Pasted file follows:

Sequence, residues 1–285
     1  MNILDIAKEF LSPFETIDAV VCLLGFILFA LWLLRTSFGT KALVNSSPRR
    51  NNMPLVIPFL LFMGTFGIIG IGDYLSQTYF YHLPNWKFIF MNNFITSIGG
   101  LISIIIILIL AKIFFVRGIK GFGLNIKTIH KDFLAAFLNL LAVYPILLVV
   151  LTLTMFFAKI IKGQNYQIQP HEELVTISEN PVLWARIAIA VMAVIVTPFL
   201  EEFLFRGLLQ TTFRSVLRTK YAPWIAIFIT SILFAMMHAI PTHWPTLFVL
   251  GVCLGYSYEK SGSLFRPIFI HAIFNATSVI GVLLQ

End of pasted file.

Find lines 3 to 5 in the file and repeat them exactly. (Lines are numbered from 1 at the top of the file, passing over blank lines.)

    51  NNMPLVIPFL LFMGTFGIIG IGDYLSQTYF YHLPNWKFIF MNNFITSIGG
   101  LISIIIILIL AKIFFVRGIK GFGLNIKTIH KDFLAAFLNL LAVYPILLVV
   151  LTLTMFFAKI IKGQNYQIQP HEELVTISEN PVLWARIAIA VMAVIVTPFL